5 June 2006
The Strange Case Of The Missing Dimension
by Kate Melville
Scientists at Los Alamos have uncovered an intriguing quantum mechanical phenomenon while studying magnetic waves in barium copper silicate (a 2,500-year-old pigment known as Han purple). When newly grown crystals of the pigment were exposed to very high magnetic fields at very low temperatures; they entered a rarely observed state of matter. At the threshold of that matter state - known as a quantum critical point - the magnetic waves go from a three-dimensional to a two-dimensional pattern.
Detailing their work in Nature, the researchers describe how they discovered that at high magnetic fields (above 23 Tesla) and at temperatures between 1 and 3 degrees Kelvin, the magnetic waves in Han purple crystals "exist" in a unique state of matter called a Bose Einstein condensate (BEC). In this state, magnetic waves propagate simultaneously in all of three directions (up-down, forward-backward and left-right). But at the quantum critical point, the waves stop propagating in the up-down dimension, causing the magnetic ripples to exist in only two dimensions, much the same way as ripples are confined to the surface of a pond.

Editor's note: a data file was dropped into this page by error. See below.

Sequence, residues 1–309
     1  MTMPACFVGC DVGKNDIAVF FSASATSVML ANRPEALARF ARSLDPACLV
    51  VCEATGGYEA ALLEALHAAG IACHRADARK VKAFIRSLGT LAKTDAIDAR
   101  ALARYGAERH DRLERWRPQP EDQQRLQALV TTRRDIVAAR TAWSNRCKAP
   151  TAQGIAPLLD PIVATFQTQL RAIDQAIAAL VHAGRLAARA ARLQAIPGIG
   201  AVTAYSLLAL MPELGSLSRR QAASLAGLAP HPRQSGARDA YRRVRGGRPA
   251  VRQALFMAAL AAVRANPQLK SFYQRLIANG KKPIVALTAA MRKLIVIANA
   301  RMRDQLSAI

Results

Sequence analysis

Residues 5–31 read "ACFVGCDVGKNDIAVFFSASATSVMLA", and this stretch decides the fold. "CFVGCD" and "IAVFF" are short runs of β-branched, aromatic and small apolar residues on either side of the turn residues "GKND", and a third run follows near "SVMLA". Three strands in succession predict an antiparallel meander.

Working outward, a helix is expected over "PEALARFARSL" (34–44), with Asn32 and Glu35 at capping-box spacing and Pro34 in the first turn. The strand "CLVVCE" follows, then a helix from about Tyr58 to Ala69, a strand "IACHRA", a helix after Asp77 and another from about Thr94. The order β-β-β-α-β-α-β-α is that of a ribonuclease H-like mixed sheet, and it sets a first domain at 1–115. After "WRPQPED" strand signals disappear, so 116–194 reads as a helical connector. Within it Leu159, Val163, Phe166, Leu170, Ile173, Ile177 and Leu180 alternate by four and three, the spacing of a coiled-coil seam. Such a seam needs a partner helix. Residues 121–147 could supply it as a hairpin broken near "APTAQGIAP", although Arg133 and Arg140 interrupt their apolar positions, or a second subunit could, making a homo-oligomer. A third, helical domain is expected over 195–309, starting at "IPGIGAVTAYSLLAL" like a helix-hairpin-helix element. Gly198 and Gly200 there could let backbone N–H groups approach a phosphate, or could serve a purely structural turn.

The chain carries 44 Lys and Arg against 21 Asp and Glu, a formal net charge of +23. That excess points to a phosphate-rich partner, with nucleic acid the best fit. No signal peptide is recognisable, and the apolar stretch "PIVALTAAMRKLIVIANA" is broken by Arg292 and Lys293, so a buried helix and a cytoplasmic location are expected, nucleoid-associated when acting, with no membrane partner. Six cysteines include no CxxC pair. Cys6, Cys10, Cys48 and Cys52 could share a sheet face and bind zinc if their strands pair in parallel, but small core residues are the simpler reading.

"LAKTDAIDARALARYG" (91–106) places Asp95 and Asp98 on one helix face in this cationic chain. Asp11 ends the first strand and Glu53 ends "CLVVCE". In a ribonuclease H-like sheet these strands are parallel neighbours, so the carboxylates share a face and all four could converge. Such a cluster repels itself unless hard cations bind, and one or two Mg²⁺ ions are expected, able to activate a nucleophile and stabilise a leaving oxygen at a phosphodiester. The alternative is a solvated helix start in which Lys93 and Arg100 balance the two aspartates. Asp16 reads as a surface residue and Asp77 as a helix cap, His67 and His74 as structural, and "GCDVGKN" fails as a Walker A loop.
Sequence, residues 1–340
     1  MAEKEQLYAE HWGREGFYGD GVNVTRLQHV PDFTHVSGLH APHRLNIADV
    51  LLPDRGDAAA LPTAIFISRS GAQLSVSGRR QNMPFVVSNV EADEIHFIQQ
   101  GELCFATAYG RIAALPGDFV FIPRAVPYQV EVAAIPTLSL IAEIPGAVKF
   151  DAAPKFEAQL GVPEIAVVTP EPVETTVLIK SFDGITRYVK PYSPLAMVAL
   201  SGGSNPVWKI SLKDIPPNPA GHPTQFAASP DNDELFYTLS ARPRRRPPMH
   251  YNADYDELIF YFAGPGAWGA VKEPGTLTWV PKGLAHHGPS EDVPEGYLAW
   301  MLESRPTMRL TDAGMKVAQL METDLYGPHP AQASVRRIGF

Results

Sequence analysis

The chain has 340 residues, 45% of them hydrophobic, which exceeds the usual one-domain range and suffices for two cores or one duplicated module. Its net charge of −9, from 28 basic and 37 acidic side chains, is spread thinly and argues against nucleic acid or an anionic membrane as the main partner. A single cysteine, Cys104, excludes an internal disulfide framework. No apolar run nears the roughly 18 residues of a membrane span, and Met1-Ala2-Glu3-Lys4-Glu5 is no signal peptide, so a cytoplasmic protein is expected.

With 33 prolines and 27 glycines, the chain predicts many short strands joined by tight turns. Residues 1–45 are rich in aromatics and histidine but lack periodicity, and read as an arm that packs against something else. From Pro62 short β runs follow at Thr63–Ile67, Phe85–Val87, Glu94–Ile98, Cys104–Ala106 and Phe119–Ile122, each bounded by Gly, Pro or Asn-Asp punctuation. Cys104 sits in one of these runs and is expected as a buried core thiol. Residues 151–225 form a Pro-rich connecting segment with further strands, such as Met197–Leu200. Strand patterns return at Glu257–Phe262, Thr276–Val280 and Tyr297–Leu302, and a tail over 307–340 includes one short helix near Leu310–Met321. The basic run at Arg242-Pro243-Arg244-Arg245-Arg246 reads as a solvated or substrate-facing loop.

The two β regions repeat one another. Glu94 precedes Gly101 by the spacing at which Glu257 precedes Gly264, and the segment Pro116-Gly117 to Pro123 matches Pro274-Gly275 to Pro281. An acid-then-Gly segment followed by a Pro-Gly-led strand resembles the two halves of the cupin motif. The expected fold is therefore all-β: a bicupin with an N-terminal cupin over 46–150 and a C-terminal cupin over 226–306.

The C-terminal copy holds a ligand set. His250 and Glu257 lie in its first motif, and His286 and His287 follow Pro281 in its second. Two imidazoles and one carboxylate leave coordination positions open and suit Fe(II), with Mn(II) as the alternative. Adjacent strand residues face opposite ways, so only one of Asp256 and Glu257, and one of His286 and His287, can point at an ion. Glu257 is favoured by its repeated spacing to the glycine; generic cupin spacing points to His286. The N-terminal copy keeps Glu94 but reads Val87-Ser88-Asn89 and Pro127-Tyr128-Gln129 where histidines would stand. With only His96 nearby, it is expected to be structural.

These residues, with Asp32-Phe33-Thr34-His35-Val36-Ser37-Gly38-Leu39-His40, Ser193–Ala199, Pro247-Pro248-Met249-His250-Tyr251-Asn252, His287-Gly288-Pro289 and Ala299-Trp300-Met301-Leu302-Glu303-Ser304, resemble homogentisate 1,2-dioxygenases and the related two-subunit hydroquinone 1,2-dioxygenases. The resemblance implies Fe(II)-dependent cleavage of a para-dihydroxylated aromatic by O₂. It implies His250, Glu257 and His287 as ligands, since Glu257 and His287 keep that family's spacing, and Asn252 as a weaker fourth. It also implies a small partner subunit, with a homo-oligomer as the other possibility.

Los Alamos physicist Neil Harrison said that the reduced dimensionality was a complete surprise. Harrison and the other team members believe that the lost dimension phenomenon is caused by the strange nature of atomic behavior in quantum states. In the higher temperatures of the BEC state, the individual waves - which are associated with magnetism from pairs of copper atoms in the Han Purple pigment - lose their identities and condense into one giant wave of undulating magnetism. As the temperature is lowered, this magnetic wave becomes more sensitive to the vertical arrangement of individual copper layers in the pigment - which are shifted relative to each other - in a phenomenon called "geometrical frustration". This makes it difficult for the magnetic waves to propagate in the third up-down dimension, which leads to its two-dimensionality.
Source: Los Alamos National Laboratory